As we've already seen with his Lyric Symphony, the genre of the orchestral song is one in which Zemlinsky was both comfortable and adept. "Waldgespräch" and the two cycles with opus numbers are familiar to not only Zemlinsky fans but also to vocal mavens. "Waldgespräch" (Forest Talk), a ballad for soprano, strings, harp, and two horns, dates from 1895/6 and is the earliest work here. It sets a Joseph von Eichendorff poem that, despite its titular setting, is about Lorelei. Absent are the edgy harmonies of mature Zemlinsky, though as pure Romanticism it's pretty enough. The Six Songs, Op. 13, on poems of Maurice Maeterlinck are small masterpieces for mezzo-soprano and full orchestra. Dating from 1910 and 1913, they are ripely Romantic works positively bursting with expression. Harmonies are sometimes ambiguous (think Tristan und Isolde but more '30s Hollywood), but the rich melodies -- not only in the vocal line, but also in the strings and woodwinds -- always pull the music forward as it expresses a nearly decadent weltschmerz, or sometimes an almost painful yearning, entirely apt to the purple poems.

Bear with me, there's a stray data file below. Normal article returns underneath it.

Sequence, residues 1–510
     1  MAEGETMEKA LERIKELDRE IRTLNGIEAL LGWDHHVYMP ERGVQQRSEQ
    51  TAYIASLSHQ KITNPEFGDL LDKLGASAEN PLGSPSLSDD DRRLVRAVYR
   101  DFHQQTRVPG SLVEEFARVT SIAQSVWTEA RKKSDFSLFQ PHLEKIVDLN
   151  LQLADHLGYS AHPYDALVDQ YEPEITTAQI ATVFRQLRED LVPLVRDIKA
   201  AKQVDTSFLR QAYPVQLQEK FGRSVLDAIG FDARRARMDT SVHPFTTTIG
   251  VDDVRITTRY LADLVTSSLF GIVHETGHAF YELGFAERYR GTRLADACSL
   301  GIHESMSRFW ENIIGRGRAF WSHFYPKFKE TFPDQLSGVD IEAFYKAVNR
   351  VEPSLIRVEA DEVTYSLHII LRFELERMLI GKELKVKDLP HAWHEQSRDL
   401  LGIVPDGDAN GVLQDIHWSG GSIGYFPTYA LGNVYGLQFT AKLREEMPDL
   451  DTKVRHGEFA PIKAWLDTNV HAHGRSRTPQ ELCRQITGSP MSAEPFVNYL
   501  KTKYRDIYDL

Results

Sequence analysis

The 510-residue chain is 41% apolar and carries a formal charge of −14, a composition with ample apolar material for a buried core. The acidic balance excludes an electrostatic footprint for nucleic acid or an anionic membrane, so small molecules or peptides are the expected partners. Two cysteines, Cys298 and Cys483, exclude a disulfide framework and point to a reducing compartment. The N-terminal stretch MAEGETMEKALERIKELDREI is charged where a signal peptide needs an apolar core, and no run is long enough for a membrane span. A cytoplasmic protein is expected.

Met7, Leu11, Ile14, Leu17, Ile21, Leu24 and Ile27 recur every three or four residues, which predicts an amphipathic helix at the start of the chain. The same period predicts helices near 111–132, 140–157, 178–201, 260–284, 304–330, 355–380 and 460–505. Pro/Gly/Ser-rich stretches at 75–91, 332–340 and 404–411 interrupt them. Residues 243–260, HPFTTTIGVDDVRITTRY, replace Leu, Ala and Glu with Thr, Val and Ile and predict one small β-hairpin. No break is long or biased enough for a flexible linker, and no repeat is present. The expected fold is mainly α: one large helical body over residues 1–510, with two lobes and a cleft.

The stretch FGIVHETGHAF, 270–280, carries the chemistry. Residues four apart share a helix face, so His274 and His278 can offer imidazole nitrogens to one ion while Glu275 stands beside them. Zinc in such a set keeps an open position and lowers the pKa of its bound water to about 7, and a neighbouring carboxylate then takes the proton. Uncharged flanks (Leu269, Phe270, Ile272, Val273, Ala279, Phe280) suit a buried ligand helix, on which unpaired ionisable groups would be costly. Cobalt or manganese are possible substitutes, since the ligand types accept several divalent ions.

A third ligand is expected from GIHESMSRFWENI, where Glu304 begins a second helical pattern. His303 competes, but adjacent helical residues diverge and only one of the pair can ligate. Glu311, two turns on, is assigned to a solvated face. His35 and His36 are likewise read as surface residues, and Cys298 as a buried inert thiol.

The superb 1929 cycle Symphonic Songs, Op. 20 sets German translations of Harlem Renaissance poems, four by Langston Hughes and one each by Jean Toomer, Countée Cullen, and Frank Horne. They're in a clearly different style, occasionally much sparer in orchestration and considerably more angular both melodically and harmonically. The mood throughout is quite dark, even in the three songs that have jazzy rhythms (the instruments include extra percussion and a mandoline). There's a hint in "Bad Boy" of the insouciance of Kurt Weill, but abjuring his lightness and irony. It's no surprise that the Nazis banned this cycle as "degenerate music," but now it seems robustly refreshing, if far from uplifting.